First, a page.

If your passionate about sustainable natural resource management or just want to support local community. Every hand helps please contact us and find out more about specific project volunteer opportunities.
Citizen science isn’t a fresh idea it’s been proven over generations. But times have changed. Cell phones are equipped with high-resolution cameras. Low-cost sensors and GPS are readily available. And the internet sits at our fingertips in an increasingly interconnected world. These technologies have widened the boundaries and increased the value of citizen science in the 21st century.
Helping identify the animals seen on these cameras helps with the conservation monitoring, management and recovery of a suite of unique threatened fauna, including two critically endangered species, the Gilbert’s potoroo or Ngilgyte (Potorous gilbertii) and the western ground parrot or Kyloring (Pezoporus flaviventris). Numerous other threatened and common species benefit from this work, including the western ringtail possum (Pseudocheirus occidentalis), noisy scrub-bird (Atrichornis clamosus), western bristlebird (Dasyornis longirostris), western whipbird (Psophodes nigrogularis) and quokka (Setonix brachyurus)
MyPestGuide™ Reporter allows users to send reports of any organism to DPIRD and includes location information, descriptive text and up to 4 photos. Users can choose to share and view their reported observations on the community map. Once a report is received, a DPIRD expert identifies the pest. A response is sent back to your device as well as to you by email. Individual reports can be viewed by the shared community and all personal information is kept confidential. The app is suitable for reporting a wide range of organisms...so it's the best tool to use if you're not sure of what you're looking at!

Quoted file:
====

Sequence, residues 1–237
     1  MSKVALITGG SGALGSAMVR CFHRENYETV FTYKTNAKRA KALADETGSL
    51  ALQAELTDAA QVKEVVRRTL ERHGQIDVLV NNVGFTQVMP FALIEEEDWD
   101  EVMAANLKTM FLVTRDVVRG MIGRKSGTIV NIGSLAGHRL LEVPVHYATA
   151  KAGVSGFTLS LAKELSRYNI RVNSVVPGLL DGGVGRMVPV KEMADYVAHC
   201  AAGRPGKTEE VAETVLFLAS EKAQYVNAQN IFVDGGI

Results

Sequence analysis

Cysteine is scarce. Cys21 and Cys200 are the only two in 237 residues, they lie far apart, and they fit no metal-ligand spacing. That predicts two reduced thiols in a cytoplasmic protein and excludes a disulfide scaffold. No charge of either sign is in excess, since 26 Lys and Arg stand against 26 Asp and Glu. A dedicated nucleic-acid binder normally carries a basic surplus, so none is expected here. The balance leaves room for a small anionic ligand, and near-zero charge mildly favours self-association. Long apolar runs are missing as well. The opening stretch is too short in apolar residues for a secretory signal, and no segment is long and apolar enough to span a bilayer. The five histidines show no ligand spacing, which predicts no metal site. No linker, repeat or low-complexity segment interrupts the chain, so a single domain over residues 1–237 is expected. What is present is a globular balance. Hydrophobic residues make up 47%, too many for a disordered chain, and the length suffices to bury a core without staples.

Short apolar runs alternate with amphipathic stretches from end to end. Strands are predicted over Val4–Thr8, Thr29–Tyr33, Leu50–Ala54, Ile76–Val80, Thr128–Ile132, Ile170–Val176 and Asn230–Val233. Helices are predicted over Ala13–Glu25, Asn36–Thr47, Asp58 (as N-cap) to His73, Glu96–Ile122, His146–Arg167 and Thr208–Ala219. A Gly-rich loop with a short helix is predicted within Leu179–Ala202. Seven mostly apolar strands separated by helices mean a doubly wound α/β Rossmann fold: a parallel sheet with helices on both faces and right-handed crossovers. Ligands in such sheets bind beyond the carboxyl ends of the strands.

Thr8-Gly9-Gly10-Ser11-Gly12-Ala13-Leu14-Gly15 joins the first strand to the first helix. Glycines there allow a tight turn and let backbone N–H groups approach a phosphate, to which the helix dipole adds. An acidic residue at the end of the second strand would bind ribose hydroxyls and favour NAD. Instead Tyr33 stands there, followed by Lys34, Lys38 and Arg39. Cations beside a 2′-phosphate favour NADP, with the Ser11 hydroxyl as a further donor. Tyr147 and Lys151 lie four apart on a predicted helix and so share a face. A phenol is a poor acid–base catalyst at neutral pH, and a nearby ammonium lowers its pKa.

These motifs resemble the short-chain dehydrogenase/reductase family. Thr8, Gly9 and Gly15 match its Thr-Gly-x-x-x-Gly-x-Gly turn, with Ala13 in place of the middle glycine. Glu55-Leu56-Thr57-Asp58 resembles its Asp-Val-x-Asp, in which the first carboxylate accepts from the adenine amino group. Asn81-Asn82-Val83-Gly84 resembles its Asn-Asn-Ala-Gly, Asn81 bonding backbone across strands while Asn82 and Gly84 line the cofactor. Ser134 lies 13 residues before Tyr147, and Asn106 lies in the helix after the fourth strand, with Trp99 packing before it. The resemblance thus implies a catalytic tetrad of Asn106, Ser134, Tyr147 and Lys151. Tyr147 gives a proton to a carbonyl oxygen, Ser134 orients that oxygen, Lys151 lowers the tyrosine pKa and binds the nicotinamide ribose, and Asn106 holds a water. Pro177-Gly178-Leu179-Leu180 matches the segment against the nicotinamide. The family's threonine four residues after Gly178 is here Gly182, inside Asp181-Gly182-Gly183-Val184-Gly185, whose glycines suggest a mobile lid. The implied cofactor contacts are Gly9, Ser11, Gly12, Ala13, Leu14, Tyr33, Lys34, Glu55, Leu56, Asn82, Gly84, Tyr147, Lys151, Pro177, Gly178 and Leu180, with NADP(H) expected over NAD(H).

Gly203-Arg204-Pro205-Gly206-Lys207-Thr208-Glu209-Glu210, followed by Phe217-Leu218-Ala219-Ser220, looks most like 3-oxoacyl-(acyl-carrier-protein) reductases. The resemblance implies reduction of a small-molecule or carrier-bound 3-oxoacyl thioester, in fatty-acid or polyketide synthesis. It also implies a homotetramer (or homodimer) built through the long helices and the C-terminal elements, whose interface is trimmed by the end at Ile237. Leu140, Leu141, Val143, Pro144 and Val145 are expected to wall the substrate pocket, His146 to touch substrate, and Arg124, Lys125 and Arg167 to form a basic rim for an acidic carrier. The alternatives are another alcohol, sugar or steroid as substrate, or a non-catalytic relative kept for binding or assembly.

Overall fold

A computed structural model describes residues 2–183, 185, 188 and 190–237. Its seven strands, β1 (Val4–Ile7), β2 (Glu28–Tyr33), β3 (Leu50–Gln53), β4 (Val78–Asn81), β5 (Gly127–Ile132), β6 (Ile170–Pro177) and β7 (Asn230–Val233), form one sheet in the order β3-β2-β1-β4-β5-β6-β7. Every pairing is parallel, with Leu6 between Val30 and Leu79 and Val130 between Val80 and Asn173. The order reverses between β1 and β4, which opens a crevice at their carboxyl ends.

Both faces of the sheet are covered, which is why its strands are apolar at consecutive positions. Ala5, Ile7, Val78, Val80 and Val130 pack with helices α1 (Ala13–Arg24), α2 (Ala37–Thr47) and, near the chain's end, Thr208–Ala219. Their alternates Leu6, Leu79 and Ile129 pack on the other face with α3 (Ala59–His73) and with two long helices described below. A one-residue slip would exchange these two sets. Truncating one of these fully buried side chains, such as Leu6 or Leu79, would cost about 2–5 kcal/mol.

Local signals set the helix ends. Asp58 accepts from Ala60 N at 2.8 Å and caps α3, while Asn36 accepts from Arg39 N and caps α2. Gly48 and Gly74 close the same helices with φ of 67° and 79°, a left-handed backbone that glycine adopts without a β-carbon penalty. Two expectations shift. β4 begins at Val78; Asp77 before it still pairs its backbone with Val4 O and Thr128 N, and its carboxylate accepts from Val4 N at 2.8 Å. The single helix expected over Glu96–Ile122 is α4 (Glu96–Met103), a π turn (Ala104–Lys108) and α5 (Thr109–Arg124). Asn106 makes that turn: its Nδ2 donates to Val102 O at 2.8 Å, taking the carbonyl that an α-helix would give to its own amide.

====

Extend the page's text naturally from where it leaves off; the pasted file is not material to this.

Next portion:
Feralscan: Record pest animal activity in your local area to protect farms, biodiversity and communities
Or email report to us
Contribute to research projects Help us go through nature camera imagerieshttps://digivol-test.ala.org.au/wildlife-spotter An example of this is by helping scientists and planners better understand, utilise, manage and conserve biodiversity. They can use data extracted from museum specimen labels and field note books for many uses, including:
Understanding the relationships between species (important in determining potential agricultural pests or potential medical applications);
The distribution of species (for understanding how best to conserve individual species or ecosystems);
Identification of species from morphological or genetic characters (for example being able to identify birds involved in aircraft incidents).